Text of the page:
By 1900 the farming communities of Hunter and Granger had built churches, schools and mills. The census showed 354 residents of Hunter and 617 of Granger.
A new century brought paved roads (the first being 3500 South in 1918),
automobiles, more growth, and an interurban rail line that connected
people and goods from Magna on the West to Salt Lake City on the East.
Social life still largely revolved around the local Mormon meetinghouse,
and the rhythms and routines of life on the farm dictated most
Post World War II
After World War II, the residents united in a Granger-Hunter Improvement District to provide culinary water and modern sewer services. Established in 1950, this organization gave the area the ability to provide a neighborhood with water allowing new subdivisions to become a reality, and the residential boom was on.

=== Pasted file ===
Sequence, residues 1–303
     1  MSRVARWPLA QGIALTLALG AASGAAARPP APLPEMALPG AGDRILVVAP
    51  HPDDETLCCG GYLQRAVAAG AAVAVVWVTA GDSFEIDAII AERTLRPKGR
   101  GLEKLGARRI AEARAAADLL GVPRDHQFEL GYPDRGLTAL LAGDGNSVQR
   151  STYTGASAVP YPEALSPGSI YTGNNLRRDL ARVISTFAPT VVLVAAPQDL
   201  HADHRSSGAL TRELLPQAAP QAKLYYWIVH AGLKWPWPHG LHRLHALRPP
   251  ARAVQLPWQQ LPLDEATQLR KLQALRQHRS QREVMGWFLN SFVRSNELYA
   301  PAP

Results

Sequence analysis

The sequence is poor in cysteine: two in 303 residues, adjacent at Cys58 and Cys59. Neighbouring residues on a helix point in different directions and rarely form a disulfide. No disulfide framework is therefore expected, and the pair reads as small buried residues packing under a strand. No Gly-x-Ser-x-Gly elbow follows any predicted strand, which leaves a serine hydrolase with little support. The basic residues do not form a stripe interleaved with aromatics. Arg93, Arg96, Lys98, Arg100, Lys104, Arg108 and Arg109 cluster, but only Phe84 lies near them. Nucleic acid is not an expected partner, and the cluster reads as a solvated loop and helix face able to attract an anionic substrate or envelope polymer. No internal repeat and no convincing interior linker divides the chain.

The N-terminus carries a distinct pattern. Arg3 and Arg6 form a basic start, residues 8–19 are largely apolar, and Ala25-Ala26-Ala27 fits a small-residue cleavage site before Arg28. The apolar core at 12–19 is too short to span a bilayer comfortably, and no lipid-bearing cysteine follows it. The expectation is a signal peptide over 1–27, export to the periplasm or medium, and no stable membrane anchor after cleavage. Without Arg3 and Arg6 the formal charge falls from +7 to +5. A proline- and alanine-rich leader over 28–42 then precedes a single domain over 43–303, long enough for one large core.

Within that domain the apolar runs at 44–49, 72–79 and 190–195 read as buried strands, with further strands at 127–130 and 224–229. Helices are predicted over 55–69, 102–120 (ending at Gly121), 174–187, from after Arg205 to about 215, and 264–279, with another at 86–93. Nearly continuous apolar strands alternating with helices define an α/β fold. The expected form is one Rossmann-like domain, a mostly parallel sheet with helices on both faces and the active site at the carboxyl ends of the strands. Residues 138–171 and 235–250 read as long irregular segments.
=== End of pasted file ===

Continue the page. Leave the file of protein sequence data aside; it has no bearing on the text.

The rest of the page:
Farms disappeared or shrunk as suburbia encroached. Businesses appeared along major corridors like 3500 South and Redwood Road to fill the needs of the growing community. But growth was somewhat haphazard, and the political leaders at Salt Lake County did not hesitate to place a disproportionate share of the valley’s multi-family residential units in the area, for example. Nor did they focus much on the aesthetics of business signage, neighborhood street infrastructure, or parks and recreation needs.
Area residents began to organize, first in groups like the Lions Club, Rotary Club, Valley West Chamber of Commerce, and Daughters of the Utah Pioneers. From these civic minded organizations came the Granger-Hunter Community Council in 1964. After a failed incorporation effort in 1978, a successful one occurred in 1980, and West Valley City was officially born July 1, 1980.
The early years for West Valley City were rough. In fact, new city
leaders were faced with a disincorporation vote on the ballot just a
week after their July 1 swearing ins. No bank would finance a city that
may become defunct within days, so the first city mayor, Hank Price, and
city commissioners, Renee Mackay and Jerry Wagstaff, paid for gas for
the police cars out of their own pockets.